Daniel’s prophecies

Print Friendly, PDF & Email

The prophecies in Daniel are one part of the Bible that Adventists love to interpret to their heart’s content … and to misinterpret.  Daniel provides Adventism with a lot to fuel their anti-Catholic desires.  And when you don’t accept their interpretation of the prophecies, they often want an alternative interpretation.

That is poor logic … in order to refute an error, one only needs to show why it is an error, and one doesn’t necessarily need to provide a new theory to replace it.  Most Christians who study Daniel can see that Adventism’s theory is in error, but that doesn’t mean they are sure what it means themselves.

To say, “Teaching X is in error, that much is clear, but feel free to develop your own understanding of the passage, because we don’t specify what it means, although we do see the clear error in some interpretations.” is quite acceptable.  And this is what Adventists need to understand.

Hugo, an ex-Adventist, now Catholic, on the SDA2RC blog, goes into his own understanding of Daniel’s prophecies, which he has placed on his Dies Domini website (see his blog post for the direct link [not available any longer] to the PDF, but it can be found with a set of related articles here.)  He also gives another link to a similar perspective.  His views are what I find most logical, and in agreement with historical and biblical evidence.  But the Catholic Church does not impose one interpretation of this – and most other – passages on us.  For us, spiritual growth is more important than working out the details about the end of the world … although that can be an exciting topic.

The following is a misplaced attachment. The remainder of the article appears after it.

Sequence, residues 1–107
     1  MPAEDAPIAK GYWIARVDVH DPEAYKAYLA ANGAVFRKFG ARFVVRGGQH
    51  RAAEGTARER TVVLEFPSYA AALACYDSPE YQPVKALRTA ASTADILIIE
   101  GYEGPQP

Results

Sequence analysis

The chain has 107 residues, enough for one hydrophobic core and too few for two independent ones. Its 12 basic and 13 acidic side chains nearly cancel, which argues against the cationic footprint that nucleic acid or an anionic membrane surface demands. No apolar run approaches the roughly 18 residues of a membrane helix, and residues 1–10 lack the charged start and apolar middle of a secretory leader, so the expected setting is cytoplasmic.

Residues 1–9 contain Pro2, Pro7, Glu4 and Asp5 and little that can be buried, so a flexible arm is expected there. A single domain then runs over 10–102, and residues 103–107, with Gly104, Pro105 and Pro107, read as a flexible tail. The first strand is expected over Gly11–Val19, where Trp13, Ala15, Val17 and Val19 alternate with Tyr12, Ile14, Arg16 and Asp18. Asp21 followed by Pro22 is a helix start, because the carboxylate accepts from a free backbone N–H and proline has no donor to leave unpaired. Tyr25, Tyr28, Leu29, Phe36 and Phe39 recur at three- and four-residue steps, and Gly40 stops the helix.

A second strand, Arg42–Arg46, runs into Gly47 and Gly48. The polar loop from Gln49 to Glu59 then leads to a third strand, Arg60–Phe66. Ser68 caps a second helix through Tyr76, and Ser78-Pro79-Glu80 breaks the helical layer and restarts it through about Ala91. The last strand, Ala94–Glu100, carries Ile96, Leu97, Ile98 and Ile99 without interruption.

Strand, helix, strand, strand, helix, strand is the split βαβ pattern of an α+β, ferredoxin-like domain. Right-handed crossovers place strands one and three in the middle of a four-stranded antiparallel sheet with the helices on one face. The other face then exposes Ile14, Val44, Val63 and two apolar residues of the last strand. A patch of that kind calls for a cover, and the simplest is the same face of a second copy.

Comments imported from the new blog:

Posted by Jared Olar on December 17, 2006
I read that study paper at the SDA2RC weblog the other day. He makes a good case for the Hellenistic theory. The footnotes in the New American Bible endorse a version of that theory.

Unfortunately the NAB footnotes also endorse the Maccabean dating of the Book of Daniel, insisting that Daniel’s stories and prophecies are fictional. “Vaticinio ex eventu” I think is the Latin term for it — history written in a way to deceive people into thinking it is a prophecy. I find it impossible to believe that the God of Truth would use deliberate falsehoods to get people to believe in prophecy. The unanimous consent of the Fathers is that Daniel’s prophecies are real prophecies. The NAB editors don’t have any problems with the Hellenistic theory of Daniel 2 and 7 because they don’t believe Daniel’s prophecies are real prophecies anyway. Therefore they expect Daniel’s prophecies never to be fulfilled, and don’t have a problem with the Book of Daniel’s prophecies failing to match history.